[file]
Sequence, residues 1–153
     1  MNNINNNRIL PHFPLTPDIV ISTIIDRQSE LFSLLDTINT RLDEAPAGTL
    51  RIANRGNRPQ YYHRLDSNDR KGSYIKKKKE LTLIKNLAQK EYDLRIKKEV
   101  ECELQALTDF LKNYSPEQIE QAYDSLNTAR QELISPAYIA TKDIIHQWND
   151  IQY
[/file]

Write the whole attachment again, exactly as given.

Sequence, residues 1–153
     1  MNNINNNRIL PHFPLTPDIV ISTIIDRQSE LFSLLDTINT RLDEAPAGTL
    51  RIANRGNRPQ YYHRLDSNDR KGSYIKKKKE LTLIKNLAQK EYDLRIKKEV
   101  ECELQALTDF LKNYSPEQIE QAYDSLNTAR QELISPAYIA TKDIIHQWND
   151  IQY